News / Asia

Afghanistan Promises to Fight Corruption as Donors Pledge Billions

Participants at an international conference on Afghan civilian assistance pose for a group photo at a hotel in Tokyo, July 8, 2012. Participants at an international conference on Afghan civilian assistance pose for a group photo at a hotel in Tokyo, July 8, 2012.
x
Participants at an international conference on Afghan civilian assistance pose for a group photo at a hotel in Tokyo, July 8, 2012.
Participants at an international conference on Afghan civilian assistance pose for a group photo at a hotel in Tokyo, July 8, 2012.
TEXT SIZE - +
TOKYO — Senior officials from the international community are pledging billions of dollars more in civil aid for Afghanistan amid concerns terrorism and corruption still threaten progress made in the country during the past decade. 

Afghanistan is receiving $16 billion in additional pledges of development aid for the next four years.  But there will be more strings attached to the new assistance.

At a conference in Tokyo Sunday, donor nations and organizations reached agreement with Afghanistan on a framework for accountability.  Some money will be withheld if the country cannot meet benchmarks for improving governance and finance management, as well as safeguarding the democratic process, the rule of law, and human rights, including those of women and girls.

Afghan President Hamid Karzai is promising donors a vigorous fight against corruption.

Some critics contend much of the $60 billion of aid from the international community since the Taliban was ousted by the U.S.
military more than a decade ago, has been squandered.

There has been notable progress, Afghanistan's per-capita gross domestic product of nearly $600 is five times higher than it was a decade ago.

Karzai, noting the successes, also acknowledges his country remains a dangerous place.

"Afghanistan continues to face grave risks from common threats, notably terrorism and extremism," he said.  "These threats do not affect Afghanistan's security alone.  Indeed the region as a whole and the world beyond will not be secure for as long as the menaces of terrorism and extremism persist, enjoying sanctuaries and support in some corners in the region beyond Afghanistan's borders.”

Officials from nearly 60 countries, including U.S. Secretary of State Hillary Clinton, converged in Tokyo for the conference.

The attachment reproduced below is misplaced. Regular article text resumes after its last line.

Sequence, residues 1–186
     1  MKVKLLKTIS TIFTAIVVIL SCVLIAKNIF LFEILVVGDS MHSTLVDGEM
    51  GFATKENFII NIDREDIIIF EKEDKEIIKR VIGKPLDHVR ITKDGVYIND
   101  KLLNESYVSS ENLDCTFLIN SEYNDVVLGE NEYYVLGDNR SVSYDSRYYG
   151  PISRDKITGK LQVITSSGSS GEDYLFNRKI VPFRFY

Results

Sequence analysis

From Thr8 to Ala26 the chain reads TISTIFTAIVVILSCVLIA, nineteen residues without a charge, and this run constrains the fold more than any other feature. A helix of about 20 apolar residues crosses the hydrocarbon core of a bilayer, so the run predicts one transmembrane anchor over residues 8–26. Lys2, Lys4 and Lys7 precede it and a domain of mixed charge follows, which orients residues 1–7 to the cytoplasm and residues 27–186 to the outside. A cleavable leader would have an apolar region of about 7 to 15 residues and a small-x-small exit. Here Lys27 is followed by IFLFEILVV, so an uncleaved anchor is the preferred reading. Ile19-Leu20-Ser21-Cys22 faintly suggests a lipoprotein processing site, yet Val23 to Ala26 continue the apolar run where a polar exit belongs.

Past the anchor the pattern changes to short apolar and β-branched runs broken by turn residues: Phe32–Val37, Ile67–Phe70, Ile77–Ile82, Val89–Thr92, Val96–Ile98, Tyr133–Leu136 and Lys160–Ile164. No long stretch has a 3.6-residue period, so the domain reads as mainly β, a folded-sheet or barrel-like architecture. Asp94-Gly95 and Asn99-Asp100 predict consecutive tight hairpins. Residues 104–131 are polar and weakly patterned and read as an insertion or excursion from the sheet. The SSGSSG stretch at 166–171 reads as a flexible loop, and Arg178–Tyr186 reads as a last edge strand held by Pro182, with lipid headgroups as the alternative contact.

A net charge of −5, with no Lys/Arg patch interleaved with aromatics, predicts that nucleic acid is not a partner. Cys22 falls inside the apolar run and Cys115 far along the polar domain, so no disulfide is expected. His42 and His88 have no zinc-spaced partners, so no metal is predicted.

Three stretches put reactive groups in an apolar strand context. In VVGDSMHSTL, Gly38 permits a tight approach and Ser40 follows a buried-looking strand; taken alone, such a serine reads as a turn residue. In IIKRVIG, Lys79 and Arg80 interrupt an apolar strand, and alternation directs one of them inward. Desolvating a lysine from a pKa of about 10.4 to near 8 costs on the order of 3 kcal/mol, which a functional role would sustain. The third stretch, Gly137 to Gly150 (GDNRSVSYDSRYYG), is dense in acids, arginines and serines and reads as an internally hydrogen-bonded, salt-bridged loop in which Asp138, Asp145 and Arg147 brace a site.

The United Nations sent representatives from a dozen of its agencies.  U.N. Secretary-General, Ban Ki-moon, used the opportunity to make a plea to help ease Afghans' “worries that they may be abandoned” after foreign military forces draw down.

“I have been urging member states that their support for Afghanistan should not be on temporary or short-term measures," he said. "They should be based on medium or longer term."

NATO ends its combat mission in Afghanistan in 2014 and the United States will also significantly reduce the number of its military forces in the country.

Japan Foreign Minister Koichiro Gemba acknowledges the new financial commitments come amid tough economic times globally.

Gemba says even though Japan and other nations face severe fiscal restraints they agree that such help to Afghanistan remains critical for that country's peace and prosperity.

Japan is the second-largest donor, after the United States, of civil aid to Afghanistan.

Steve Herman

A veteran journalist, Steven L Herman is the Voice of America Asia correspondent.

You May Like

Multimedia Relatives of South Korean Ferry Victims Fire at Authorities

36 people are confirmed dead, but some 270 remain trapped on board More

War Legacy Haunts Vietnam, US Relations

$84 million project aims to clean up soil contaminated by Agent Orange More

Wikipedia Proves Useful for Tracking Flu

Technique gave better results than Center for Disease Control (CDC) and Google’s Flu Trends More

This forum has been closed.
Comment Sorting
Comments
     
by: Fatima from: Los Angeles
July 09, 2012 2:46 PM
I think what we are missing here is the aid is coming from other countries to Afghanistan and not from US so they are not turning from their Citizens but realizing a war and its effects to the US and using their alliances. Lets not forget we received similar aids back in WWI from germany and other european countries. Would u rather the US walk away NOW and let the Talibans get stronger again and come attack our US Citizens here and again and remind us of 9/11. Lets look at history before posting something.


by: wingding from: chicago
July 08, 2012 9:02 AM
Another fairy tale being told to us by our government.


by: Anonymous
July 08, 2012 8:31 AM